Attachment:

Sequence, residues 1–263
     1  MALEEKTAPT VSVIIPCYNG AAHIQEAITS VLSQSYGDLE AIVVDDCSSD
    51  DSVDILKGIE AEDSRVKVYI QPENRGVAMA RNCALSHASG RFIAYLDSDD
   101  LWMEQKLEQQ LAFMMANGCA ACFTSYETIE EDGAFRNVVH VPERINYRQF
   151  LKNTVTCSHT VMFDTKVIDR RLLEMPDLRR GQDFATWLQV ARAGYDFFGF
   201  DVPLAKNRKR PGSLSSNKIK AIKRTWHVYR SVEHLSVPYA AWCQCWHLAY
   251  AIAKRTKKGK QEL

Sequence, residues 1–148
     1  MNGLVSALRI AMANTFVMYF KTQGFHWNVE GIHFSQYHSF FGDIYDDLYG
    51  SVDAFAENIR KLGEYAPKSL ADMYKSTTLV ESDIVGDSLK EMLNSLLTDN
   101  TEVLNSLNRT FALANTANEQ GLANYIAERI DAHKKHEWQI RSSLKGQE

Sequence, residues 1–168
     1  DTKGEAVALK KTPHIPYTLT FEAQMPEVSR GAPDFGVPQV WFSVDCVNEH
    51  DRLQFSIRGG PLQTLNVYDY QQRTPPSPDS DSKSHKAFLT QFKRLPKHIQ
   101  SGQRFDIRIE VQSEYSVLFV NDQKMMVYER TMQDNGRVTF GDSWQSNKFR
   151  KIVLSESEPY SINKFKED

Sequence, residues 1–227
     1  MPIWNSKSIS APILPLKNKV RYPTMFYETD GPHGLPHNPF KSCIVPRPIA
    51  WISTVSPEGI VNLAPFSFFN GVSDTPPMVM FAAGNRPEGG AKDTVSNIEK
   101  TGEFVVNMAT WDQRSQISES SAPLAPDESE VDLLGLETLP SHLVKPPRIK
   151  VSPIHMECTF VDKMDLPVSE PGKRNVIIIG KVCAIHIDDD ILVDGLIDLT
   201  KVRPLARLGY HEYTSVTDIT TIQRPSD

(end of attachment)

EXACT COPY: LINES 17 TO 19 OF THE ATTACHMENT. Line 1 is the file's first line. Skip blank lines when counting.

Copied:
Sequence, residues 1–227
     1  MPIWNSKSIS APILPLKNKV RYPTMFYETD GPHGLPHNPF KSCIVPRPIA
    51  WISTVSPEGI VNLAPFSFFN GVSDTPPMVM FAAGNRPEGG AKDTVSNIEK